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Point No Point Light (Maryland) facts for kids

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Point No Point Light
Undated photograph of Point No Point Light, Maryland (USCG)
Location off west shore of the Chesapeake Bay, Maryland north of the mouth of the Potomac River
Coordinates 38°07′41″N 76°17′24″W / 38.128°N 76.29°W / 38.128; -76.29Coordinates: 38°07′41″N 76°17′24″W / 38.128°N 76.29°W / 38.128; -76.29
Year first constructed 1905
Year first lit 1905
Automated 1938, but remained manned until 1962
Foundation Pneumatic caisson
Construction Brick
Tower shape Octagonal
Focal height 52 ft (16 m)
Original lens original: fourth order Fresnel lens
current: 14.8 inches (375 mm)
Range 9 nautical miles (17 km; 10 mi)
Characteristic Flashing white 6 sec
Fog signal Horn, 1 every 30 sec
Admiralty number J1974
ARLHS number USA-630
USCG number 2-7560
For the light in Puget Sound, see Point No Point Light (Washington).

Point No Point Light, located in the Chesapeake Bay off the eponymous point several miles north of the mouth of the Potomac River, was constructed as part of a program to add lighted navigational aids in a thirty-mile stretch of the bay between Cove and Smith Points.


The first request for funds to construct this light came in 1891; funds were not appropriated, however, until 1901. Due to the exposed location a pneumatic caisson base was used. This was constructed in 1902 and towed to the site in April 1903, when it was secured to a temporary pier. As with construction of Baltimore Light, a series of mishaps followed. First, the temporary pier collapsed, breaking off two courses of iron plates from the caisson and releasing it from its mooring. The caisson was retrieved and repaired, and in October of that year was set in place. However, in February 1904 the temporary pier was again destroyed, this time by moving ice. The caisson survived without damage, and the light was first shown on April 24, 1905.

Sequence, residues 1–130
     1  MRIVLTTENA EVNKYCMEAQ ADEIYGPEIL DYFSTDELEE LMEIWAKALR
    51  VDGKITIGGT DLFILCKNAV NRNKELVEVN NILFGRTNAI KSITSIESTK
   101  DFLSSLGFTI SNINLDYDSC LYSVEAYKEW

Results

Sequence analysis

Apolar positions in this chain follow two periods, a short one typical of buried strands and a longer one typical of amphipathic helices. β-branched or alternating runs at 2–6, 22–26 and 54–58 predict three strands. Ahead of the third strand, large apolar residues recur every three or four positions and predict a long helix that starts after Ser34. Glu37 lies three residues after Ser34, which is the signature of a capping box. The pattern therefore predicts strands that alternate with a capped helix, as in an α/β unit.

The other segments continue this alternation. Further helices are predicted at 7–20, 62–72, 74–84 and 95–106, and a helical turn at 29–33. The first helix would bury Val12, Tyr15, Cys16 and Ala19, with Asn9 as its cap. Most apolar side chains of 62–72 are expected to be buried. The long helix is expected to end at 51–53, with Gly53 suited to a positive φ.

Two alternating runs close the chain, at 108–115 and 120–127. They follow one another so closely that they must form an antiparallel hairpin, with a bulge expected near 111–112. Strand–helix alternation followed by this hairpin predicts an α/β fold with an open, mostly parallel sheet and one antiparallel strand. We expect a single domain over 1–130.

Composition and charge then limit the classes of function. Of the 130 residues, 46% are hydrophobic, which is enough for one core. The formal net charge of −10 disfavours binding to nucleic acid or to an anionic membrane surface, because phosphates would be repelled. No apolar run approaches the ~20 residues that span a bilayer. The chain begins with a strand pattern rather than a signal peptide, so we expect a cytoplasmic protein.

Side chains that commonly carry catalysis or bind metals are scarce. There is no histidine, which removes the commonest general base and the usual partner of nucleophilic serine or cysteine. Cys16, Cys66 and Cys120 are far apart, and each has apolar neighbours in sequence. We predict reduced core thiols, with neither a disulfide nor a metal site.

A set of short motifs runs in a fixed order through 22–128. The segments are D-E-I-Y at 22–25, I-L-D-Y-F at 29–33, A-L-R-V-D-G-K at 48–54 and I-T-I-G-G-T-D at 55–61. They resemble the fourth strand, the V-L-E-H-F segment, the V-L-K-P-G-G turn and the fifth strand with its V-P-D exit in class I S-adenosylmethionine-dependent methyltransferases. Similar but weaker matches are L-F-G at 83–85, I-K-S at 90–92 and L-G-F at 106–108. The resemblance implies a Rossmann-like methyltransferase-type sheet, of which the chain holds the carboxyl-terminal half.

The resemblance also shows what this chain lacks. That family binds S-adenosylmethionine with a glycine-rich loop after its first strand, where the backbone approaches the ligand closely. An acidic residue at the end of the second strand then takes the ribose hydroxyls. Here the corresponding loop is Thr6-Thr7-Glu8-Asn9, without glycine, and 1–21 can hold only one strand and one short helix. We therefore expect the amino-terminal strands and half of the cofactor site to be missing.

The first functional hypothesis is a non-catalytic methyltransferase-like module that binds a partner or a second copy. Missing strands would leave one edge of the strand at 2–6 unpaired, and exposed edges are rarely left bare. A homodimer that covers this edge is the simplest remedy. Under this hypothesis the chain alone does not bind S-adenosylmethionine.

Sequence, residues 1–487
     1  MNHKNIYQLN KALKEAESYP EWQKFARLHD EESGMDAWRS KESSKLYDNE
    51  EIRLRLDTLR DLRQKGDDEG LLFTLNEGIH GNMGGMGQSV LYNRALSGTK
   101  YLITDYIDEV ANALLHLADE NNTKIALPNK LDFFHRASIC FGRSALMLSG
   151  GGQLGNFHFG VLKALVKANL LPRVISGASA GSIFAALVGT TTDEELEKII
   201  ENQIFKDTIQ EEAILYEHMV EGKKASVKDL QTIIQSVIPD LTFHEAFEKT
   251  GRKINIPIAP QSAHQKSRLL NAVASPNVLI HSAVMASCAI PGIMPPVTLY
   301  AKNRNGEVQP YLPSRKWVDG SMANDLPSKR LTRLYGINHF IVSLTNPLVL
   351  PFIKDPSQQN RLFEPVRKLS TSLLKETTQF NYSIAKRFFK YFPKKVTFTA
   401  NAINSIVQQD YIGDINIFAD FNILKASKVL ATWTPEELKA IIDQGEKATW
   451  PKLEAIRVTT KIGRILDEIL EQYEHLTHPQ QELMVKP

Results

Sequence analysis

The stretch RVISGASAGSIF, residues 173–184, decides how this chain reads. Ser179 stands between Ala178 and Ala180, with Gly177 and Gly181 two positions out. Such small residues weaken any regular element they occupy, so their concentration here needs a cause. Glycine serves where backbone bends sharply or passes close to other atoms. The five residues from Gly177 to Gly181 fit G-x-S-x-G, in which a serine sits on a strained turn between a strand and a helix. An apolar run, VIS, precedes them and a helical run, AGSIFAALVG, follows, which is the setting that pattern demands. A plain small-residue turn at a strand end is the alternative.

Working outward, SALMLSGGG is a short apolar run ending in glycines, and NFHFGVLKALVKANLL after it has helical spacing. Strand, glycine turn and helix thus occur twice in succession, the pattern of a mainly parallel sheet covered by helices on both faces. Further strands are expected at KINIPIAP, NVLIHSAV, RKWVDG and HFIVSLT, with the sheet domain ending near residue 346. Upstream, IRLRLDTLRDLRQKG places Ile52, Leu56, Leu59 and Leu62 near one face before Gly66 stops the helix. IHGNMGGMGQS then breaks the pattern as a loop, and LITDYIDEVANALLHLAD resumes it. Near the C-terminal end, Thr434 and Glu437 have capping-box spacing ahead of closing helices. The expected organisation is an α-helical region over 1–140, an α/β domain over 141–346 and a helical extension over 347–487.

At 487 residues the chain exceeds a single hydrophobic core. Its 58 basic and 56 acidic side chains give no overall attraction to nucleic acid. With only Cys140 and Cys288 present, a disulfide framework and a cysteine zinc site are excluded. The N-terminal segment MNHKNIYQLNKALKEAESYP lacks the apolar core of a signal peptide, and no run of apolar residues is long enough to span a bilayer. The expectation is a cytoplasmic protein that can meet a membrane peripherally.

Although the light was automated in 1938, it continued to be manned until 1962. Renovations were carried out in 1989–2001 in order to arrest deterioration of the now-unoccupied structure. In 2006, like other Maryland lights, it was made available to non-profits or government agencies who would be willing to take over maintenance, and in 2007 the offer was extended to individuals. Public auction of the light was cancelled in February 2008, however, "due to safety requirements of the U.S. Navy."

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